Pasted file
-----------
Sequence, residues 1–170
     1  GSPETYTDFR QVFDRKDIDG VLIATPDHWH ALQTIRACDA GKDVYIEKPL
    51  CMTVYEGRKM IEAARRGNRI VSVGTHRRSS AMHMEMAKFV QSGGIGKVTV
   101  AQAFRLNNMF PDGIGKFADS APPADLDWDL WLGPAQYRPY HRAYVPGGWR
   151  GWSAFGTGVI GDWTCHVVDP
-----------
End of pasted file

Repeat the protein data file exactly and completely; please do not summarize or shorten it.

Sequence, residues 1–170
     1  GSPETYTDFR QVFDRKDIDG VLIATPDHWH ALQTIRACDA GKDVYIEKPL
    51  CMTVYEGRKM IEAARRGNRI VSVGTHRRSS AMHMEMAKFV QSGGIGKVTV
   101  AQAFRLNNMF PDGIGKFADS APPADLDWDL WLGPAQYRPY HRAYVPGGWR
   151  GWSAFGTGVI GDWTCHVVDP